In the entire AIDS literature there is only one study, that of Colonel Donald Burke and his colleagues  from the Walter Reed Army Institute, that is widely regarded as the definitive proof of the specificity of the HIV Western Blot.
Over an eighteen month period, Burke and his colleagues tested 1.2 million applicants for US military service. Burke's testing procedure was a progression through two ELISAs and two Western Blots. From these data, the HIV seroprevalence was found to be 1.48/1000. Burke then retrospectively investigated a highly selected sample of this population in which the HIV seroprevalence was 1/10th that of the 1.2 million. This group comprised 135,187 persons aged 17-18 years who resided in rural areas where the cumulative incidence of AIDS was low. Many would assume this group to be no different from healthy blood donors and would regard all HIV positives found among them as false positives, but Burke and his colleagues' premises were the opposite.
Assuming there were true positives among these healthy, rural American youth and wishing to evaluate the false positive rate and specificity of the Western Blot, Burke needed to define HIV infection. This was done by performing a panel of four more antibody tests on sera from the 15 out of 135,187 applicants who had already been found twice ELISA and twice Western Blot positive.
Two of the extra four tests were other Western Blots and two were similar tests. Any individual found positive in all four of the extra tests, thereby making a total of eight positive antibody tests, was deemed HIV infected. Those who failed any of the extra four tests were deemed non-HIV infected. Of the 15, one failed to react on all four tests and thus Burke conceded only one, not 15, false-positives. From these data, Burke calculated the specificity of the HIV Western Blot to be in excess of 99.9%.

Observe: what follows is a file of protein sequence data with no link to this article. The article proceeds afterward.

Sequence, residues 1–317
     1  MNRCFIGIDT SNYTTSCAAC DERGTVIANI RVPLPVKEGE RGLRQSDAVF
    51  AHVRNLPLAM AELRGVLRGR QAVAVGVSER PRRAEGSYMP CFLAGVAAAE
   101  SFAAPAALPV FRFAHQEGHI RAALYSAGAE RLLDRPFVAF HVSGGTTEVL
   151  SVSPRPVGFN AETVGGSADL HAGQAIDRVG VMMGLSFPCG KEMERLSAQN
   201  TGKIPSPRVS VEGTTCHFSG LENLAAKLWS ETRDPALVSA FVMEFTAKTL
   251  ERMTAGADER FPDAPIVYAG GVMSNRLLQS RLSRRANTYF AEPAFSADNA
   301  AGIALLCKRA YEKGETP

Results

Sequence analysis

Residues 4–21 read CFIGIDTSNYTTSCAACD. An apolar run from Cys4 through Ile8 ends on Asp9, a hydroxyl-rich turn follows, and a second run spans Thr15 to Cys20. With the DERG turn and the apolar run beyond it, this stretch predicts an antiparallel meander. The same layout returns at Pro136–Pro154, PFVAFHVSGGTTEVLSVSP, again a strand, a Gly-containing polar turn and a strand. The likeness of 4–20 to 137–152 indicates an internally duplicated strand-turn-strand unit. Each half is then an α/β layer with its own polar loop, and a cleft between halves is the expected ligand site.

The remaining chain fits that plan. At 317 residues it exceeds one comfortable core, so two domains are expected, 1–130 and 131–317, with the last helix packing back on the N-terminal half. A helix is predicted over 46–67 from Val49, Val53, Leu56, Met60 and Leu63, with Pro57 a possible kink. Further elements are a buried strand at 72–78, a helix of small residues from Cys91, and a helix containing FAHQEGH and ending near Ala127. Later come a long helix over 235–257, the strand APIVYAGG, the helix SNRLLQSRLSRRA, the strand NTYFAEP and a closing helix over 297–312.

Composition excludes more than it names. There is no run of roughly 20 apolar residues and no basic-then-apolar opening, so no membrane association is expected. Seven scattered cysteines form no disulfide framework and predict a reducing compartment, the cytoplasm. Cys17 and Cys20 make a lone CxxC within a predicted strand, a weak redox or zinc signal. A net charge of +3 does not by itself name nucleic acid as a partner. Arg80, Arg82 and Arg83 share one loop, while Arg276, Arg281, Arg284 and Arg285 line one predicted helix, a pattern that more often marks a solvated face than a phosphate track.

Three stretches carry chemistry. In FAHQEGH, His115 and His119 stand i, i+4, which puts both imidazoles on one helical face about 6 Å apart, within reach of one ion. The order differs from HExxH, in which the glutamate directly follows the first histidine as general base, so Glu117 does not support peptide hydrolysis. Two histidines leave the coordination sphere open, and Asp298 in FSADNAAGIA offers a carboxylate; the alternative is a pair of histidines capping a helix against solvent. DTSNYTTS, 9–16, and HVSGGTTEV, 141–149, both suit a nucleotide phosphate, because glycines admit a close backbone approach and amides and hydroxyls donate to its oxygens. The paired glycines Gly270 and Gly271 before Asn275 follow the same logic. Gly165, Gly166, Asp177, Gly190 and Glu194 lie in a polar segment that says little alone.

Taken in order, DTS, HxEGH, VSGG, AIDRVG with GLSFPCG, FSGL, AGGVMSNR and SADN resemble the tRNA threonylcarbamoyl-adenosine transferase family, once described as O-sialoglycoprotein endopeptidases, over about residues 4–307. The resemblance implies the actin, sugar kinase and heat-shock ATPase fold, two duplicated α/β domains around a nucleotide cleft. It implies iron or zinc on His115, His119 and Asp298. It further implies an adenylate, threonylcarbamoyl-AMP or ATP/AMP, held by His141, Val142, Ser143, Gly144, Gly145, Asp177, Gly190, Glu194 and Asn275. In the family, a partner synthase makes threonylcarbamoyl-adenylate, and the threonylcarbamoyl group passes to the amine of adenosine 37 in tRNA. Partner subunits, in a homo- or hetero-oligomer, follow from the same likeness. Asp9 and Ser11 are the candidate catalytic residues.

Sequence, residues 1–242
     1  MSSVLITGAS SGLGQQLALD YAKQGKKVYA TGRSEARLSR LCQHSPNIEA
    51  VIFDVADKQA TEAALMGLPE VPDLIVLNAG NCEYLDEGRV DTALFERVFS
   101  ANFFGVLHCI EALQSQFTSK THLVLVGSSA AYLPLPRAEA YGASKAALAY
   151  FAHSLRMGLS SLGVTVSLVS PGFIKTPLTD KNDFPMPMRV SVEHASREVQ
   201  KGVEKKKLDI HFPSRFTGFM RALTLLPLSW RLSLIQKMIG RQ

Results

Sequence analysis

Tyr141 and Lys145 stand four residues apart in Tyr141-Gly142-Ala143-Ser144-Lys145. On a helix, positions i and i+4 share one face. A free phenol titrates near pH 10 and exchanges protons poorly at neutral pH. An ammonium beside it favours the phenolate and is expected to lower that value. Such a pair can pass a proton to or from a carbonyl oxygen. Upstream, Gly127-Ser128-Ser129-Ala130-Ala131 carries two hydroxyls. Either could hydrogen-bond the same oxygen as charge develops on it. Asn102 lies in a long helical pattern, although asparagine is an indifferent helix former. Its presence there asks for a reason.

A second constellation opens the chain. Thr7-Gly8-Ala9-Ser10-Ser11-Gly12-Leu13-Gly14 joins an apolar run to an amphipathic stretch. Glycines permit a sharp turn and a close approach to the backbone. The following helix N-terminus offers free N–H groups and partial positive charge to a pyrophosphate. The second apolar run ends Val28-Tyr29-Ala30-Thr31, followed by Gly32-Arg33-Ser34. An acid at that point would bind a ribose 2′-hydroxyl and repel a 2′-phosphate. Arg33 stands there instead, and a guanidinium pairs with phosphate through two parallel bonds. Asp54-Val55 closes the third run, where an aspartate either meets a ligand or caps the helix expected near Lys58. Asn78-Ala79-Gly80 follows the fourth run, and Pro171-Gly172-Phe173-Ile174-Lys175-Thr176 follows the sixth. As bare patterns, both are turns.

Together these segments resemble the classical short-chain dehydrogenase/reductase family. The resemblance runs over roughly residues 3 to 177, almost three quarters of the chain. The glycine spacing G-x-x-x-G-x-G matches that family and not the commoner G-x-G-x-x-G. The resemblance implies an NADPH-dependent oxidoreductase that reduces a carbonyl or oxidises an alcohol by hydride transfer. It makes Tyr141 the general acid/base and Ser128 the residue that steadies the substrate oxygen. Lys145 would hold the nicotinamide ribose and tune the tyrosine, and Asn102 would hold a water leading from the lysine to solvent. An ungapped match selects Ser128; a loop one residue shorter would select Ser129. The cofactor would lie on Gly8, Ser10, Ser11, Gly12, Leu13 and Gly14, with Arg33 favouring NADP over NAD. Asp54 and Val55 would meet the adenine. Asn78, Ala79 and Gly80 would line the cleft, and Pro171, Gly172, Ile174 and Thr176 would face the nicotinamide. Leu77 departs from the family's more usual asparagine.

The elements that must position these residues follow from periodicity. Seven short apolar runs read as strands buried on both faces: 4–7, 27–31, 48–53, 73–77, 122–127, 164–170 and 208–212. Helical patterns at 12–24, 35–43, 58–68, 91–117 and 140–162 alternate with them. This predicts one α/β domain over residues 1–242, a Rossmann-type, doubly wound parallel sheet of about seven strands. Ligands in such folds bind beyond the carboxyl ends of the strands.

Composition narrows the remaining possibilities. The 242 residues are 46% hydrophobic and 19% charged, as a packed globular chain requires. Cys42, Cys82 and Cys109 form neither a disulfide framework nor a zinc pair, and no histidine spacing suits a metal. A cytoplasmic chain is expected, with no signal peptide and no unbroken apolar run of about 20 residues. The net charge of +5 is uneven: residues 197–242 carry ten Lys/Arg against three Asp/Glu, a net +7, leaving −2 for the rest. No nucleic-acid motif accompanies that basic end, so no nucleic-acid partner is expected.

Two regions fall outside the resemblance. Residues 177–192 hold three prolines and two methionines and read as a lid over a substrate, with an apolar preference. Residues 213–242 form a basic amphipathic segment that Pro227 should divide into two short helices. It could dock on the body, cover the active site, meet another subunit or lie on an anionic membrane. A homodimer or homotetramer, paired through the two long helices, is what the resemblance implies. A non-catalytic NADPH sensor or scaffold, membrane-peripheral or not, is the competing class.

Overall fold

There are many flaws in this study and they are outlined in reference 1. Here I wish to draw to your attention to the fact that an antibody test, even if repeated and found positive a thousand times, does not prove the presence of a viral infection.
* Bone pointing is a traditional, ritualistic punishment practiced by Australian aborigines. A bone is pointed at an individual as a method of retribution. That individual soon becomes sick and death within weeks or months is an invariable consequence.
1. Eleopulos-Papadopulos E, Turner VF, Papadimitriou JM. 1993. Is a positive Western blot proof of HIV infection? Bio/Technology 11:696-707.
2. Eleopulos-Papadopulos E, Turner VF, Papadimitriou JM. 1993. Has Gallo proven the role of HIV in AIDS? Emergency Medicine [Australia] 5:113-123.
3. Burke DS, Brundage, JF, Redfield, RR et al. 1988. Measurement of the false positive rate in a screening program for human immunodeficiency virus infections. NEJM 319: 961-964.
4. Strandstrom HV, Higgins JR, Mossie K, et al. Studies with canine sera that contain antibodies which recognize human immunodeficiency virus structural proteins. Cancer Res 1990; 50: 5628s-5630s.
5. Mortimer P, Codd A, Connolly J, et al. Towards error free HIV diagnosis: notes on laboratory practice. PHLS Microbiol Digest 1992; 9: 61-64.
6. O'Hara CJ, Groopmen JE, Federman M. 1988. The ultrastructural and immunohistochemical demonstration of viral particles in lymph nodes from human immunodeficiency virus-related lymphadenopathy syndromes. Human Pathology 19:545-549.
7. Defer C, Agut H, Garbarg-Chenon A. 1992. Multicentre quality control of polymerase chain reaction for detection of HIV DNA. AIDS 6:659-663.